Out-Law News | 09 Apr 2014 | 4:21 pm | 2 min. read
Simon Laight of Pinsent Masons, the law firm behind Out-Law.com, was commenting after Otto Thoresen, head of industry body the Association of British Insurers (ABI), warned that consumers would ultimately bear the cost of the proposals through higher premiums.
Measures announced by the Chancellor of the Exchequer as part of the 2014 Budget would give members of defined contribution (DC) pensions schemes more freedom to access their pension savings without having to buy an annuity or facing heavy tax penalties. However, at an evidence session on the Budget hosted by the House of Commons Treasury Select Committee, Thoresen said that the industry had a number of concerns about a new legal duty to provide independent advice, to be introduced at the same time.
Laight, a pensions expert at Pinsent Masons, said that Thoresen was right to focus on the importance of the so-called 'guidance guarantee' strand of the proposals, adding that "time was short" if the government wanted to implement this "crucial" element of the reforms correctly.
"The Budget, in relation to pensions, had two pillars, both needing to be as strong as each other: flexibility on taking benefits; and financial guidance," he said. "If the latter is not strong, the former will result in bad decisions and creates risk of mis-selling and fraud."
From April 2015, the government intends that savers would be able to access their DC pension savings any way that they wish from the age of 55. All savers would be offered free and impartial face to face financial guidance at the point of retirement backed by the 'guidance guarantee'; a new legal duty on pension providers and trust-based pension schemes to offer this guidance.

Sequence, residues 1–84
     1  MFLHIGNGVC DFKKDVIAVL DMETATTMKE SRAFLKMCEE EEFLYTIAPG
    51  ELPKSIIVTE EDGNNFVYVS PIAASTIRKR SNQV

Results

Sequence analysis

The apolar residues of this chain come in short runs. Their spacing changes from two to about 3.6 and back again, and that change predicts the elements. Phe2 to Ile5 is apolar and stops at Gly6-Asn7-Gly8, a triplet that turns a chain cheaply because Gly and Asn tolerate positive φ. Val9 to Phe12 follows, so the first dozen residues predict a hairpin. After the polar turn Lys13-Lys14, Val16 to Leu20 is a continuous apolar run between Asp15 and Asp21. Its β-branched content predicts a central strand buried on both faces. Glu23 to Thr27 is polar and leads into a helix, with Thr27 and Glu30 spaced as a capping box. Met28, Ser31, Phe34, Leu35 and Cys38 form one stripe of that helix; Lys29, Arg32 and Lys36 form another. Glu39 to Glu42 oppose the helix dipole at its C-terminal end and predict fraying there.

Under the proposed new regime, savers would still be able to take up to a quarter of the value of their pension pot tax-free on retirement. Any additional lump sum would then be taxed at their normal marginal tax rate rather than the existing 55% tax rate. Savers would still be able to purchase an annuity if they chose to do so, or alternatively would be able to keep their pension invested and access the balance over time.
In his evidence to the Treasury Committee, Thoresen said that without more details of what was meant by 'guidance', it would be difficult to estimate how much the new requirement would cost. However, he said that a recent estimate of at least 400,000 extra hours of guidance per year, costing as much as £120 million annually, by consultants PwC did not seem "unreasonable" if the proposed requirement that this be delivered face to face in every case was not relaxed.
"We do not think it would be sensible for this service to be face-to-face for everyone," he said. "For some people this service could be delivered perfectly well over the phone or using technology."
"[The guidance] will be free to the customer in the sense that they won't have to write a cheque and it will be paid for by the industry ... but a trust-based scheme will have to find resources and it will be paid for by the consumer in the end," he said.
Thoresen added that although he thought that the industry "could deliver this and deliver it cost effectively", it would be a challenge for providers to demonstrate that any advice was impartial. He suggested that advice could also be delivered by bodies such as the Money Advice Service or the Pensions Advisory Service.